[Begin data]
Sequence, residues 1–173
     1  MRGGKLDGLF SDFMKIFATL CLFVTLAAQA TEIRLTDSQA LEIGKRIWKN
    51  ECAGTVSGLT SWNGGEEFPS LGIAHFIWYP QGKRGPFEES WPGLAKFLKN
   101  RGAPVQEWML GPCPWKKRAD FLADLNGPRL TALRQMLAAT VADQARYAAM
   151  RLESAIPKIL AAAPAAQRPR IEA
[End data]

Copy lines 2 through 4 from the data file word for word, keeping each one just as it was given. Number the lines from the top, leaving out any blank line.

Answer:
     1  MRGGKLDGLF SDFMKIFATL CLFVTLAAQA TEIRLTDSQA LEIGKRIWKN
    51  ECAGTVSGLT SWNGGEEFPS LGIAHFIWYP QGKRGPFEES WPGLAKFLKN
   101  RGAPVQEWML GPCPWKKRAD FLADLNGPRL TALRQMLAAT VADQARYAAM